For many years, the zero point used throughout the United States was based on “mean sea level” at 26 separate tidal stations in the US and Canada. This datum was referred to as the National Geodetic Vertical Datum of 1929 (NGVD 29). The main assumption used to create NGVD 29 - water level is equal all along the coast and thus represents the same zero- later proved to be erroneous and was shown to create errors in the elevation data obtained using this datum. This means that using the outdated vertical datum, two different points measured at 0.0' NGVD 29 can have different actual elevations. In the NFIP, the vertical datum is crucial because all elevations need to be as accurate as possible and referenced to the same zero point. Otherwise, surveys may show different elevations for the same point, which could result in flooded structures and losses. Currently, the old FIRMs reference the outdated National Geodetic Vertical Datum of 1929 (NGVD 29). We can now more accurately measure vertical elevation differences using the new official U.S. vertical datum, the North American Vertical Datum of 1988 (NAVD 88). With the new FIRM updates, this more accurate datum will be used (NAVD 88), resulting in an approximate difference of minus 1.51 feet between elevations shown on the new (2012) FIRM as opposed to the old (1997) FIRM.

When is the Vertical Datum Changing?

Elevations in NAVD 88 must be used for floodplain management and flood insurance purposes (e.g., elevation certificates) in Broward County. Also, as of January 30, 2011, the new datum must be used for all surveys and plans submitted with Environment Engineering and Licensing applications.

Who is Impacted by the Vertical Datum Change?

The change in vertical datum affects all those using FIRMs or submitting applications for building permits or environmental licenses in Broward County, including engineers, surveyors, developers, homeowners, lenders, insurance agents, realtors and floodplain administrators, especially when comparing elevation data on the new FIRMs, produced using NAVD 88, with data on older FIRMs produced using NGVD 29.

Points to Know

  • Changing from a measuring method developed in 1929 to one developed in 1988 will mean greater accuracy in determining land and water elevations.
  • Instead of relying on "mean sea level" to determine the elevation of a point, Broward County will utilize the sophisticated elevation reference system for the North American continent. Eventually, all cities and counties in North America will use this same network of vertical reference points to support many diversified uses.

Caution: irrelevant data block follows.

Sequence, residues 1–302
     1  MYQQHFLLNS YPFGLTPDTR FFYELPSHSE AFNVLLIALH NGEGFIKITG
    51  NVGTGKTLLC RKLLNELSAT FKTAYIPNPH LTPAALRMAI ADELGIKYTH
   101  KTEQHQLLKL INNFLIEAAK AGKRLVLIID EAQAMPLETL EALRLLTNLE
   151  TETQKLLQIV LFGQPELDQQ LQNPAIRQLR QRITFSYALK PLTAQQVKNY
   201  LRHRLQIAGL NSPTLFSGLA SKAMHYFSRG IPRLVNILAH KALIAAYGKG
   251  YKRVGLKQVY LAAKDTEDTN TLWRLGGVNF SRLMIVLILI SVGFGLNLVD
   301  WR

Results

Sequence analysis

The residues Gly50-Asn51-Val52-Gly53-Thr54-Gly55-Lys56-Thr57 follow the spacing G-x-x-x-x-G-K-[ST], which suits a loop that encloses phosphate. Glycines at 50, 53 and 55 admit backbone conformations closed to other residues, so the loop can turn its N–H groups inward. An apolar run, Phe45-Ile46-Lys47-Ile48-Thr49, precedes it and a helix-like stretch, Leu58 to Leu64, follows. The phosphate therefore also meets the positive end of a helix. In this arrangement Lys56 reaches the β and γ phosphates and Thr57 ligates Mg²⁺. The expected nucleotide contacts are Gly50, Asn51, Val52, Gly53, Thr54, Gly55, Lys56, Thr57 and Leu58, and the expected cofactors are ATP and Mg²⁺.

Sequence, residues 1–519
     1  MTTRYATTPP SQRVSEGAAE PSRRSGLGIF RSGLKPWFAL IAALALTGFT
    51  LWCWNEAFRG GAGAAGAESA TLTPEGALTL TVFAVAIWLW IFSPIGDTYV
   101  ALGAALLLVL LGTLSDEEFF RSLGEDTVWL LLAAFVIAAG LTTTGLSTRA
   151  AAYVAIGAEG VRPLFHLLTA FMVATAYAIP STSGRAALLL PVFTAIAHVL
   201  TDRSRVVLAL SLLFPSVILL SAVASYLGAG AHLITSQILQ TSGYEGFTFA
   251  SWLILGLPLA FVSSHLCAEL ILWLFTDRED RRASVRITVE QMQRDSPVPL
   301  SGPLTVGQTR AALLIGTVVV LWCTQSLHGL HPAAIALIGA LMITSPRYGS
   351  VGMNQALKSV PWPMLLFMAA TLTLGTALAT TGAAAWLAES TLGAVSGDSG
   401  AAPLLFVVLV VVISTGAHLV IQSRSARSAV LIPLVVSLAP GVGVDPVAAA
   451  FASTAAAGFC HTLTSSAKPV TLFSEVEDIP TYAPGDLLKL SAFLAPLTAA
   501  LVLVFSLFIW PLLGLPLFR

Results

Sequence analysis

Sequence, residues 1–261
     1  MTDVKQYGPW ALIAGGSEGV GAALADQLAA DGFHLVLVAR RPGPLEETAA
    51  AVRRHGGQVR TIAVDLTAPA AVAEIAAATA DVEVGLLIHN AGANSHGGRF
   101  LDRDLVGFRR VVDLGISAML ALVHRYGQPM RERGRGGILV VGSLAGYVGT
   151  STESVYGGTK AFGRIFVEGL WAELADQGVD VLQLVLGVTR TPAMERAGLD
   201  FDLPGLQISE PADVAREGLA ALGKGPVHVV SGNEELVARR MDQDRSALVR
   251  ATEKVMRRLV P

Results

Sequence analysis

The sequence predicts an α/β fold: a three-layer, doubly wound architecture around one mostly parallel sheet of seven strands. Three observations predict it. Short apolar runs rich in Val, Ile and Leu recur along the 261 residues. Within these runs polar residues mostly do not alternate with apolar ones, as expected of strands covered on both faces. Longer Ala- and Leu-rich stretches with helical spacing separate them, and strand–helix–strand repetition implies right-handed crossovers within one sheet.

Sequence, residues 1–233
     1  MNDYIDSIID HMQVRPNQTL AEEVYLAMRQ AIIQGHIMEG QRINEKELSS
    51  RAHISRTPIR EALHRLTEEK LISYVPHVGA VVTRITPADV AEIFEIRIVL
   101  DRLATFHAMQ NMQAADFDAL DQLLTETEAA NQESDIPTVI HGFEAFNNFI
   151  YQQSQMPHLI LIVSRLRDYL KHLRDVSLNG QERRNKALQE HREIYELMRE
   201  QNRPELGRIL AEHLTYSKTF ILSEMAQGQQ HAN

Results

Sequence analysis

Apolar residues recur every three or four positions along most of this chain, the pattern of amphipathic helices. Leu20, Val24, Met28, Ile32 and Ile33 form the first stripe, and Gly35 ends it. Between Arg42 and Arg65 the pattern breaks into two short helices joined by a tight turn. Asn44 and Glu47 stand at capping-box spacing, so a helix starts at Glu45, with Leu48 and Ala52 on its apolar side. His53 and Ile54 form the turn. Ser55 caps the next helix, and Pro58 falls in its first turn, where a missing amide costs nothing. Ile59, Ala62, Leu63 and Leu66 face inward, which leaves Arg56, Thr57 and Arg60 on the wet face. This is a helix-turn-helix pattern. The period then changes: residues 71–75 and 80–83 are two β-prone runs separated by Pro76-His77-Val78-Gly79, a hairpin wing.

• Broward County databases will retain information in both the NGVD 29 and the NAVD 88 vertical datums in order to maintain historical data.
  • Anyone who uses elevation information in Broward County will need to know about, understand and apply the new measuring standards.
  • A conversion application is available so that users can readily convert elevation data from NAVD 88 to NGVD 29, and vice versa. You will be able to compare "apples to apples" using the free conversion software VERTCON. In addition, FEMA has computed an average conversion factor of minus 1.51 (-1.51) that may be used to provide a more rough conversion between the two datums.
  • It is always more precise to convert elevations to the more accurate NAVD 88 vertical datum from the NGVD 29 vertical datum. Because of inherent flaws in the NGVD 29 datum, values converted from NGVD 29 to NAVD 88 will not exceed the accuracy of the source data. If exacting elevations are required, a new survey utilizing NAVD 88 values should be considered.

Conversion Factor Example

A building finished floor elevation is shown on an existing elevation certificate as 10.0’ NGVD. The equivalent NAVD 88 elevation can be obtained using the FEMA-approved average conversion factor in the following formula:

NAVD 88 = NGVD 29 + conversion factor

NAVD 88 = 10.0’ NGVD + (-1.51)

NAVD 88 = 8.49

If you have any questions regarding vertical datum changes or the NFIP in general, please contact the FEMA Map Assistance Center toll free at 1-877-FEMA MAP (1-877-336-2627).

Learn more about vertical datums and vertical datum conversion:

•South Florida Water Management District Vertical Datum Webpage
•Vertical Datum Conversion Software (VERTCON)

Frequently Asked Questions

What is a Flood Zone Map?
Flood zone maps, also called “Flood Insurance Rate Maps” or “FIRMs” are used to determine the flood risk to properties. The low- and moderate-risk zones are represented on the maps by the letter “X”, "0.2 PCT" or an “X” that is shaded. The inland high-risk zones will be labeled with designations such as “A”, “AE”, “AO” or “AH”, and coastal high-risk zones that have additional risk from storm surge will be labeled “V” or “VE”.

What's a floodplain? How do I determine if my property is in one?